636	   attacks.  Without having all the packets in a generation, the cache
   637	   cannot decode the packets to check if it is authenticated.  Caching
[CA] this is security consideration additional to the line 436-439 -> maybe refer to the security section at the end

[cw]: good point. 

* at "**", maybe check the wording below:

   128	   NC **aggregates multiple packets with parts of the same content
[CA] "aggregates" -> ambiguity with concatenation, maybe "mixes multiple packets together"

[cw]: this paragraph explicitly assumes in-network recoding... You are right, your suggestion is clearer.

   131	   specific server, as they may have **evolved within the network.  Since
[CA] "evolved" -> "been mixed" or "progressed"?

[cw]: yes, evolved is a bit too fuzzy. "been mixed" is better. 

   298	   requester(s) using the trail of PIT entries; intermediate **node remove
[CA] "intermediate nodes"

[cw]: yes.

   316	3.  **Advantage given by NC and CCN/NDN
[CA] "Advantages provided"?

[cw]: yes. 

   331	   CCN/NDN itself, however, **cannot provide reliable and robust content
[CA] "does not, by default,"?

[cw]: yes.

   332	   dissemination.  This requires some specific CCN/NDN transport (i.e.,

[cw]: no comment here?

   465	   It should be discussed whether the network can **update data packets
[CA] "update" -> "modify"/"mix" ?

[cw]: recode?

   572	   **The procedure for splitting an overall content into small content
   573	   objects **is responsible for the original publisher.  When applying N

[cw]: see above. 

   651	   In this context, network coding **provide a mechanism to ensure that

[cw]: provides...

   660	   This naturally applies to mobility **event, where the consumer may

[cw]: events...

[cw]: Thanks!

[cw]: C. 

best regards,
-- Cedric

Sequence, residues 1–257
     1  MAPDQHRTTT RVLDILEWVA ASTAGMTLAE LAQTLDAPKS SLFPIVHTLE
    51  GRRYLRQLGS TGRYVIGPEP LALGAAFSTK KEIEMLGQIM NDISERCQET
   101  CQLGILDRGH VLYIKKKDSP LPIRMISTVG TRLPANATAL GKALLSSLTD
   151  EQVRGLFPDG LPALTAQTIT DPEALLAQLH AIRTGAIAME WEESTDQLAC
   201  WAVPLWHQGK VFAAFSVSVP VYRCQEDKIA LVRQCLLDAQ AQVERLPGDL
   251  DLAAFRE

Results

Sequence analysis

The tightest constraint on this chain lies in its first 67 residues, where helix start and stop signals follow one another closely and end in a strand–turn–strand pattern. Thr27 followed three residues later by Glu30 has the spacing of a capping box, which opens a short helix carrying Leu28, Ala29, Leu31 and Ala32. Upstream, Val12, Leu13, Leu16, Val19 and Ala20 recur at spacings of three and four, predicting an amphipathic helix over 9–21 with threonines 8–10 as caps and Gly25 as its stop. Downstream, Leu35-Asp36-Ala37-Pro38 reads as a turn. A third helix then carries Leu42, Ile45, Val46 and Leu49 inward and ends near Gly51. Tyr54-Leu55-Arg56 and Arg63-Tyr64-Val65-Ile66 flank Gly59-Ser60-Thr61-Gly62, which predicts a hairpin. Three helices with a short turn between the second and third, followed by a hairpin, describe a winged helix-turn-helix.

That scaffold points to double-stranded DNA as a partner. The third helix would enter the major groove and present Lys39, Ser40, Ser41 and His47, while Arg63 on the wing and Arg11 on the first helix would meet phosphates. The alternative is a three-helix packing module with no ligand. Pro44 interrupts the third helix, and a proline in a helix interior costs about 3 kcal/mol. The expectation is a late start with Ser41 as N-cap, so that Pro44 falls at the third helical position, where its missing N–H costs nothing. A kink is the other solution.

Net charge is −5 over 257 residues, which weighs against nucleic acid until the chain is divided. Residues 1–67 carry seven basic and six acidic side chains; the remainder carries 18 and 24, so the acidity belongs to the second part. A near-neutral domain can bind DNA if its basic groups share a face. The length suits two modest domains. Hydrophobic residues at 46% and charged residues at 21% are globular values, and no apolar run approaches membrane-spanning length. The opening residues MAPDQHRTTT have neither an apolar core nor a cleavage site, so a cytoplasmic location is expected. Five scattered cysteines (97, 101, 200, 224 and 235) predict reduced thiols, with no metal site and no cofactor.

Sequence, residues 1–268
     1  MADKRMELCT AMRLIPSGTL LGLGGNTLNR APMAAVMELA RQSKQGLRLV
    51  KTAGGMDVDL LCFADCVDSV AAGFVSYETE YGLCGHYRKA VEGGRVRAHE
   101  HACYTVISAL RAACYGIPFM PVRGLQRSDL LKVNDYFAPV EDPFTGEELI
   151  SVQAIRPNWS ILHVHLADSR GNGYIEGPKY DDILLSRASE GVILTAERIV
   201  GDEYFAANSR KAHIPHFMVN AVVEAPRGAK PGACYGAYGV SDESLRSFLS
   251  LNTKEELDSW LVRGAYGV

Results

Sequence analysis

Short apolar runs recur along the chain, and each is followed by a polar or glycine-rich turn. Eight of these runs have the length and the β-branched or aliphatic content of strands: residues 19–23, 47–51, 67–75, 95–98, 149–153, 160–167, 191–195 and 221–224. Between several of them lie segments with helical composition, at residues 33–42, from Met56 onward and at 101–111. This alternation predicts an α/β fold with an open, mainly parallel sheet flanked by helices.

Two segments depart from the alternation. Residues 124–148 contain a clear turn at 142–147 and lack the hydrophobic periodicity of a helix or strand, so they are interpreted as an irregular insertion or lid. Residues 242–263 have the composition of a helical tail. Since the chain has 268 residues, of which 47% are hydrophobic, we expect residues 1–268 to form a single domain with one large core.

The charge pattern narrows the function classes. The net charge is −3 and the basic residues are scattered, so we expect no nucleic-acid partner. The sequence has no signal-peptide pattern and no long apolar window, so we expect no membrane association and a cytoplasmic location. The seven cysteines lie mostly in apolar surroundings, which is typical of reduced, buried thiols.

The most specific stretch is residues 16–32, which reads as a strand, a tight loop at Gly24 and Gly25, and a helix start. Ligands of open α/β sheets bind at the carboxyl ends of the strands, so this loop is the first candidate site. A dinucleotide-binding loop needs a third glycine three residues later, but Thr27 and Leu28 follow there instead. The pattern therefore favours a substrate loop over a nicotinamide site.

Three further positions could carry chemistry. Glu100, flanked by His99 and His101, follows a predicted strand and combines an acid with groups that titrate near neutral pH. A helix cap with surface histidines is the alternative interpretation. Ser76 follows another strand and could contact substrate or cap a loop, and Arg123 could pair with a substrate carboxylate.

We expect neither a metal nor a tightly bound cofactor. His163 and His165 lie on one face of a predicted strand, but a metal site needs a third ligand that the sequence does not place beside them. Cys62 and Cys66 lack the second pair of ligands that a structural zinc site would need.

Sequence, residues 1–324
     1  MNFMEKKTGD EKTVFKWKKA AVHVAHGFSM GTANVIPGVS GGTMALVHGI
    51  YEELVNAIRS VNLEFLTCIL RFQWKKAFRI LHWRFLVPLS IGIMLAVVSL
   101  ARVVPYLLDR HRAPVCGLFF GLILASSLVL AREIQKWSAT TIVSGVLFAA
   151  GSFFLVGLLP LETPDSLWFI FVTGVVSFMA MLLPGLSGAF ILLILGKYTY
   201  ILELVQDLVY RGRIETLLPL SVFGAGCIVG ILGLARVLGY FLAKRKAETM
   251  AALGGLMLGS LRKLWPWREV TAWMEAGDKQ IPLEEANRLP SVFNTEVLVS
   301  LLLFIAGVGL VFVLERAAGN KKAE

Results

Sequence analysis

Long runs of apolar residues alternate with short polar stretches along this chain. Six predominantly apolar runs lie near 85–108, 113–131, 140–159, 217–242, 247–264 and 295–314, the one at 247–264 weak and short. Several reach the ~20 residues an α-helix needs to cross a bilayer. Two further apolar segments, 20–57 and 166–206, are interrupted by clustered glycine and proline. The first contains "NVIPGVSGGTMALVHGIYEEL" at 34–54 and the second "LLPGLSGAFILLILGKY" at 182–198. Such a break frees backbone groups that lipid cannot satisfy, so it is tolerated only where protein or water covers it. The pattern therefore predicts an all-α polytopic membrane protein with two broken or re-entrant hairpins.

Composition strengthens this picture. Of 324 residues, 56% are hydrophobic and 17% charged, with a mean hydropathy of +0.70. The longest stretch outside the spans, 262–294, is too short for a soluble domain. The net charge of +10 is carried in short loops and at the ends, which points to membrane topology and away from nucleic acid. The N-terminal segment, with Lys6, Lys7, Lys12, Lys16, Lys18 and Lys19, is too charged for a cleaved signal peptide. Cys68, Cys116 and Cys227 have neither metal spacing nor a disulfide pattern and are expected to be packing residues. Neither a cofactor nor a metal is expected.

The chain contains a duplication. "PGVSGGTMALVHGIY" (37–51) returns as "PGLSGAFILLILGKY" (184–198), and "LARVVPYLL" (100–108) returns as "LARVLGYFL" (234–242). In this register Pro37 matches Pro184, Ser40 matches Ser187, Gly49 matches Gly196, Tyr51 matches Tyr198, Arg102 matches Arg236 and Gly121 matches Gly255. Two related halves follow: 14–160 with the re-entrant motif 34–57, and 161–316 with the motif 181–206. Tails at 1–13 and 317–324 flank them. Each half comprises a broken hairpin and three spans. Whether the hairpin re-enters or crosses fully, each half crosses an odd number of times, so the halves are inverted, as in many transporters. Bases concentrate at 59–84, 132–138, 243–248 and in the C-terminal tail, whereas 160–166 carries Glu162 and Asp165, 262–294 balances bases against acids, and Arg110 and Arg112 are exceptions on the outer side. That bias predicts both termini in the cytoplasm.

----- Mail original -----
> De: "kazuhisa matsuzono" <>
> À: "nwcrg" <>
> Envoyé: Mardi 12 Mars 2019 00:42:48
> Objet: [nwcrg] Fwd:  I-D Action: draft-irtf-nwcrg-nwc-ccn-reqs-01.txt

> Dear all,
> We have updated this draft especially regarding Sec. 5.3 security, and
> made some minor changes throughout.
> Any comments to this updated draft are very welcome.
> Thank you.
> Kazuhisa
> A New Internet-Draft is available from the on-line Internet-Drafts
> directories.
> This draft is a work item of the Coding for efficient NetWork
> Communications Research Group RG of the IRTF.
> Title : Network Coding for Content-Centric Networking / Named Data
> Networking: Requirements and Challenges
> Authors : Kazuhisa Matsuzono
> Hitoshi Asaeda
> Cedric Westphal
> Filename : draft-irtf-nwcrg-nwc-ccn-reqs-01.txt
> Pages : 19
> Date : 2019-03-11
> Abstract:
> This document describes the current research outcomes regarding
> Network Coding (NC) for Content-Centric Networking (CCN) / Named Data
> Networking (NDN), and clarifies the requirements and challenges for
> applying NC into CCN/NDN.
> The IETF datatracker status page for this draft is:
> There are also htmlized versions available at:
> A diff from the previous version is available at:
> Please note that it may take a couple of minutes from the time of submission
> until the htmlized version and diff are available at
> Internet-Drafts are also available by anonymous FTP at:
> _______________________________________________
> nwcrg mailing list